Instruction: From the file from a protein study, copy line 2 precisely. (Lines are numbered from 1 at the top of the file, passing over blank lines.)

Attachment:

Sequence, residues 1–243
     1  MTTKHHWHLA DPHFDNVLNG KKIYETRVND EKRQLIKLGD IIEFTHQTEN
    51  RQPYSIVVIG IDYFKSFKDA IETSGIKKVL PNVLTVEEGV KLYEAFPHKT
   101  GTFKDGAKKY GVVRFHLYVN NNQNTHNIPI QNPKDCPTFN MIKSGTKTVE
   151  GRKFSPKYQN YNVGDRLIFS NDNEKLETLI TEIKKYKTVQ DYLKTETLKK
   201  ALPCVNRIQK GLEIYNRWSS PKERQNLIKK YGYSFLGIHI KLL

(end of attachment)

     1  MTTKHHWHLA DPHFDNVLNG KKIYETRVND EKRQLIKLGD IIEFTHQTEN